Mar 12 2008
Much hoopla is made over the US Federal Reserve’s power to affect markets through its injections of liquidity into the economy. These days, the Fed appears to have some new tricks up its sleeve, but still uses its traditionally dominant tool of Open Market Operations to affect the Federal Funds rate, and thus the interest rates that commercial banks charge borrowers financing consumption and investment.
The power of monetary policy lies in the fact that spending stimulus can be achieved without running the risk of crowding-out, wherein expansionary fiscal policy drives up interest rates, potentially off-setting any increases in aggregate demand by triggering declines in consumption and investment due to increased borrowing costs.The whole aim of expansionary monetary policy, on the other hand, is to drive interest down by increasing the reserves held by commercial banks.
The cartoon above illustrates the process that leads to lower interest rates and greater spending when the Fed undertakes expansionary open market operations. Government bonds (the blue bills above) are held as assets by both commercial banks and the public. These are illiquid, meaning they cannot be spent. In order to stimulate new spending, the Fed can take some of its reserves of money (the green bills), and buy bonds from the public and banks.
Banks receive cash from the Fed, which increases their excess reserves. Further, the public will deposit the checks they receive from the Fed into their banks, increasing checkable deposits, which add to both the banks’ required reserves and excess reserves. The result is banks now have new liquidity that they want desperately to lend out in order to earn interest (remember, banks rarely want to hold onto their excess reserves, because inflation will erode the value of any money that’s not earning interest!).
When banks’ reserves increase, due to their growing checkable deposits and the inflow of cash from the Fed’s purchase of bonds, the supply of “federal funds” shifts down, lowering the interest rates that banks charge one another for overnight loans. These are loans that banks often give and receive in order to meet their reserve requirements at the end of a business day.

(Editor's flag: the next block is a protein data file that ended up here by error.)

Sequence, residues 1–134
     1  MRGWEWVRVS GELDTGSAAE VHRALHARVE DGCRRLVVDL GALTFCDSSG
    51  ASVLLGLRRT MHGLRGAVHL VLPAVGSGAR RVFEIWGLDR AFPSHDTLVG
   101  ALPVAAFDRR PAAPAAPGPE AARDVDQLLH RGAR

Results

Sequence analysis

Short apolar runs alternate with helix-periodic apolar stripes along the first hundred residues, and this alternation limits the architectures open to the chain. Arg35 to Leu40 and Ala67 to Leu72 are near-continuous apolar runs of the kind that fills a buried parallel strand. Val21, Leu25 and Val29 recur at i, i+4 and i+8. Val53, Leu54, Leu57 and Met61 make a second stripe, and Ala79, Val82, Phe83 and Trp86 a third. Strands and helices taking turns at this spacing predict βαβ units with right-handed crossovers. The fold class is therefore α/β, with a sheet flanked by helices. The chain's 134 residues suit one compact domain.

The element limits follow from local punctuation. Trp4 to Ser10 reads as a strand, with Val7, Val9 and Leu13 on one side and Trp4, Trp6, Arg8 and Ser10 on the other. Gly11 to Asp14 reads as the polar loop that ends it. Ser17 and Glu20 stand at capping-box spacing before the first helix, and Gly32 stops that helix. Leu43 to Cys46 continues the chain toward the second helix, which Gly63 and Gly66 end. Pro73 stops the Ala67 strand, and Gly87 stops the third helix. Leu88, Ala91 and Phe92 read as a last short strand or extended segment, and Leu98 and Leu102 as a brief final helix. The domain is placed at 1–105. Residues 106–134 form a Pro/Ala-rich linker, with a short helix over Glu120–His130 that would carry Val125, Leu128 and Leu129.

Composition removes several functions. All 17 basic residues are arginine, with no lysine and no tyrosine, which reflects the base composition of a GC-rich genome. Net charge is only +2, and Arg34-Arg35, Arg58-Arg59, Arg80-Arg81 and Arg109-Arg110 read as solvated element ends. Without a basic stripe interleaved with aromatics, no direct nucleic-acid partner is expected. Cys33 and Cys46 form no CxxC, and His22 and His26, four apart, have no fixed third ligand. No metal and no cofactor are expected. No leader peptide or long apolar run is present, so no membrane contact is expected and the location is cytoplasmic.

For example: If Bank A has finds at the end of the day that it has received more deposits than withdrawals, and it now has $1m more in its reserves than it is required to have, it wants to lend that money out as soon as possible to earn interest on it. Bank B, it just so happens, received more withdrawals than it did deposits during the day, and is $1m short of its required reserves at day’s end. Bank B can borrow Bank A’s excess reserves in order to meet its reserve requirement. Bank A will not lend it for free, however, and the rate it charges is called the “federal funds” rate, since banks’ reserves are held predominantly by their district’s Federal Reserve Bank.
When the Fed buys bonds, all banks experience an increase in their reserves, meaning the supply of federal funds shifts out (or down in the graph above), lowering the “price” of federal funds, i.e. the federal funds rate. Lower interest rates on overnight loans will encourage banks to be more generous in their lending activity, allowing them to lower the prime interest rate (the rate they charge their most credit-worthy borrowers), which in turn should have a downward effect on all other interest rates.
Expansionary monetary policy involves the buying of government bonds on from the public and commercial banks by the Federal Reserve Bank. The result of this buying of bonds is an increase in the money supply, a decrease in real interest rates, and hopefully the stimulus of aggregate demand through new consumption and investment. Unlike expansionary fiscal policy (such as the stimulus package announced by Congress last month), crowding-out should not occur. Ideally, lowering the federal funds rate will lead to lower interest rates across the economy as a whole.
This, however, does not always transpire. In a future post, we’ll discuss why, and look at what the Fed is experimenting with today to stimulate investment and consumption, in response to the apparent failure of open market operations at providing the needed stimulus.
About the author: Jason Welker teaches International Baccalaureate and Advanced Placement Economics at Zurich International School in Switzerland. In addition to publishing various online resources for economics students and teachers, Jason developed the online version of the Economics course for the IB and is has authored two Economics textbooks: Pearson Baccalaureate’s Economics for the IB Diploma and REA’s AP Macroeconomics Crash Course. Jason is a native of the Pacific Northwest of the United States, and is a passionate adventurer, who considers himself a skier / mountain biker who teaches Economics in his free time. He and his wife keep a ski chalet in the mountains of Northern Idaho, which now that they live in the Swiss Alps gets far too little use. Read more posts by this author
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